By Jinlian Hu,Textile Institute (Manchester, England)
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Extra info for 3-D fibrous assemblies: properties, applications and modeling of three-dimensional textile structures
In many cases, the tool will have only one side to produce a nice finish on the outside of the part. Hand lay-up can also be used to produce very large parts. As long as there are © Woodhead Publishing Limited, 2008 Applications of three-dimensional textiles 39 enough people to apply the resin to the fabric before it cures, there are really no limitations on the size of the part. Hand lay-up is currently the most utilized method of manufacture for large wind turbine blades. Unfortunately, there are also many disadvantages to hand lay-up.
They are often made balanced (equal weight on all axes) but can also be tailored to suit a particular load case, such as for a typical boat-bottom panel where bending occurs mostly in the transverse direction. In this case quads are designed with more 90° fibre than the other axis. The 0° orientation is called the warp system and corresponds to the work direction. , 2003). Stitch-bonded fabrics offer greater range and flexibility compared to woven fabrics, especially in the field of multiaxial (three plies or more).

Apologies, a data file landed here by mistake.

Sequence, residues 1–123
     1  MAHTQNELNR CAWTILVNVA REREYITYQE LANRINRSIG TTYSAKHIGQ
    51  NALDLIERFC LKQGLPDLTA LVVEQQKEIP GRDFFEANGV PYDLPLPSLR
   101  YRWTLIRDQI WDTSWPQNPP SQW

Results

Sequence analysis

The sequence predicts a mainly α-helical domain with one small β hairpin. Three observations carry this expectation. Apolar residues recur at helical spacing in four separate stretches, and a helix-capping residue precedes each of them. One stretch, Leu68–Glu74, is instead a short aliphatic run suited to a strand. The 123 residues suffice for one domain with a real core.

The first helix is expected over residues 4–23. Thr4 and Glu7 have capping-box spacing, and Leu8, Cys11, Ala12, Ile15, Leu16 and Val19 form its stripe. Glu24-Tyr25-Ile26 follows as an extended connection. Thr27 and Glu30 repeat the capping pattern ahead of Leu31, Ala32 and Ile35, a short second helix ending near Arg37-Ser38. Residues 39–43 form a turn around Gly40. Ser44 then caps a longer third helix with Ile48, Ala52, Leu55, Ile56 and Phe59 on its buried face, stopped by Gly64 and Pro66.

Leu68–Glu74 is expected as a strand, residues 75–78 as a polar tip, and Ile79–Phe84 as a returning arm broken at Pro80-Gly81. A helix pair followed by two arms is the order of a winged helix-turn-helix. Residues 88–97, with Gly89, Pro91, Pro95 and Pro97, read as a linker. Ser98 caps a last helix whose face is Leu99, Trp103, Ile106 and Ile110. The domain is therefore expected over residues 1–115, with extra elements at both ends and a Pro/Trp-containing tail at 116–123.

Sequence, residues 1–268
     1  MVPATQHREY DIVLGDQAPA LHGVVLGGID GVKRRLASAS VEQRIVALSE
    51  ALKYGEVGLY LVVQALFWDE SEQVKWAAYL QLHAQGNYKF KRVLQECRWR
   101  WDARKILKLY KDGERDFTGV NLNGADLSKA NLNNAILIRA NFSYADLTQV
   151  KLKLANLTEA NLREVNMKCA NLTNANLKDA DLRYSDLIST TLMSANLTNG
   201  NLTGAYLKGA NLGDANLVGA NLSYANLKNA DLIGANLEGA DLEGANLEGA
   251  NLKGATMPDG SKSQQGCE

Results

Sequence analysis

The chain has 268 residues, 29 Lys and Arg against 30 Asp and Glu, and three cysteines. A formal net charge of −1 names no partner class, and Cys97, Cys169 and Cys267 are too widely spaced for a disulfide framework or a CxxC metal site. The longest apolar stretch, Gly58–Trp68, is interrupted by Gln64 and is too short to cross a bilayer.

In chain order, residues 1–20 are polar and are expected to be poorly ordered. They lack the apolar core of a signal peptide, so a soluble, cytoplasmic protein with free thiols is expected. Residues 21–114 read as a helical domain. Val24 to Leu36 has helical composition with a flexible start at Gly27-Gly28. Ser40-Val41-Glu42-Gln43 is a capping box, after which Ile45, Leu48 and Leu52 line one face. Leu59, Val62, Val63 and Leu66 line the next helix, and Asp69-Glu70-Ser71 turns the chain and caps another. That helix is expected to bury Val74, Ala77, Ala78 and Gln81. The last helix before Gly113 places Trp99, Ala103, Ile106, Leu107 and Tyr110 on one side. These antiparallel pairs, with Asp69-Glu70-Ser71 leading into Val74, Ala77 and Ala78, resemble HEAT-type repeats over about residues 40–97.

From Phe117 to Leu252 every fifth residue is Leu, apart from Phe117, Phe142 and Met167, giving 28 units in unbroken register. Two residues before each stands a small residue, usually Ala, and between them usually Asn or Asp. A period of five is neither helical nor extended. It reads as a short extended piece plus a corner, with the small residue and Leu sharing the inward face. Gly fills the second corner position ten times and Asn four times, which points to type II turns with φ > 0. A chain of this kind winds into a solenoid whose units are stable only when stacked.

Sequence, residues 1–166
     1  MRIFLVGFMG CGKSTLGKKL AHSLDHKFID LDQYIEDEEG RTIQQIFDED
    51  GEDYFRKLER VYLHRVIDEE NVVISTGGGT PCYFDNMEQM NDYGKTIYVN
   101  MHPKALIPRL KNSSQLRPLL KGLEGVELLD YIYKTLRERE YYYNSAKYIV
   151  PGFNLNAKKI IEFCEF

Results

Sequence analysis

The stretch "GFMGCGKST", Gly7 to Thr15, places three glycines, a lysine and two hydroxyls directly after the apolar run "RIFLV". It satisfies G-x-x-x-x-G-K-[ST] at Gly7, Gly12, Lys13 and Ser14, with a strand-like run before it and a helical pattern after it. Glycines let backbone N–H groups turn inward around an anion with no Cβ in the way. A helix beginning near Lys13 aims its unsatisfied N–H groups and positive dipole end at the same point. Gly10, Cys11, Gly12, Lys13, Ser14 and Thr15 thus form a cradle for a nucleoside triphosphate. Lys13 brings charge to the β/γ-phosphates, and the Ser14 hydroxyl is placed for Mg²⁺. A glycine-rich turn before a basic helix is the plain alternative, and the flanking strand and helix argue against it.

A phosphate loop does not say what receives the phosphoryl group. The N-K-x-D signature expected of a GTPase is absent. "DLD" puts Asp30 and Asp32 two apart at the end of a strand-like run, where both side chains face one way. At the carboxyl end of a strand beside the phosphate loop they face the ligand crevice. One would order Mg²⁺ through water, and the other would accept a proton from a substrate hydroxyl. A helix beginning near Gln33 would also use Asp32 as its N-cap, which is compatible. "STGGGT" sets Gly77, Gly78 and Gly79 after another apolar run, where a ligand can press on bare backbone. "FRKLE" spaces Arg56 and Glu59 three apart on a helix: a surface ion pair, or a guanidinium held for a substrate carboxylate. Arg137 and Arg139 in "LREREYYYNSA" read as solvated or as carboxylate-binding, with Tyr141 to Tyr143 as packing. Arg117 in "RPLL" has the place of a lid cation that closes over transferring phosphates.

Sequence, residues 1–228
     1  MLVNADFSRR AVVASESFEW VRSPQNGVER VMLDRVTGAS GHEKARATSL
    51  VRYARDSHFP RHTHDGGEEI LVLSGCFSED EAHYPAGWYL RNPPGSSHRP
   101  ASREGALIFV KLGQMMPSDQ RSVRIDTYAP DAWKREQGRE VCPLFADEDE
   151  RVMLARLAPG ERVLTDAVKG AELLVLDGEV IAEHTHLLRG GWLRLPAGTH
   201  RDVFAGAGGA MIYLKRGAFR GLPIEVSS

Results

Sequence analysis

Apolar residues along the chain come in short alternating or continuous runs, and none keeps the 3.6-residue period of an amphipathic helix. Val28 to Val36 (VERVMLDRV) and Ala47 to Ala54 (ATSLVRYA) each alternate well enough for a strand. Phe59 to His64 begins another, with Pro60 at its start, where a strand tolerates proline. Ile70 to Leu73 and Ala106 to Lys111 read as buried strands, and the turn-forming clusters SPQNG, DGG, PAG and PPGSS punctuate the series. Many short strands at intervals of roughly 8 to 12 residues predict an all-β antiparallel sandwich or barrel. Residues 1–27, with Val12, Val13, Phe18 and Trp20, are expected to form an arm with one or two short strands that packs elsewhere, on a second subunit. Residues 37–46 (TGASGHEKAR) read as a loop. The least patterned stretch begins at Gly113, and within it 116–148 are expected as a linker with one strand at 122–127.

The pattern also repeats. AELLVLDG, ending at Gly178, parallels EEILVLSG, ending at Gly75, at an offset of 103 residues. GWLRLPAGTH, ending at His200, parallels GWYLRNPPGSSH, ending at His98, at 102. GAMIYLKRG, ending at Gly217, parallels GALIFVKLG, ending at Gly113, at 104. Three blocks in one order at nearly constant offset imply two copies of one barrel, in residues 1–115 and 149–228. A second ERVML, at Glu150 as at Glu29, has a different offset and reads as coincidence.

25, the yarns are looped over a selvedge yarn at the bottom of the fibre array, which effectively binds the preform together. By changing the base plate, various 3-D shapes can be formed. , 2006). , 1994). 25 Non-woven fibre architecture. 26 Structure of Napco® 3-D non-woven fabric: 1 – top layer; 2 – bottom layer; 3 – connecting layer (bridge fibres from 1); 4 – bridge fibres from 2; 5 – needle stitch; 6 – distance between bridge fibres depending on stitch depth; 7 – distance between bridge fibres depending on needle density; 8 – take-out direction; 9 – product thickness depending on the spacer’s width.
3-D fibrous assemblies: properties, applications and modeling of three-dimensional textile structures by Jinlian Hu,Textile Institute (Manchester, England)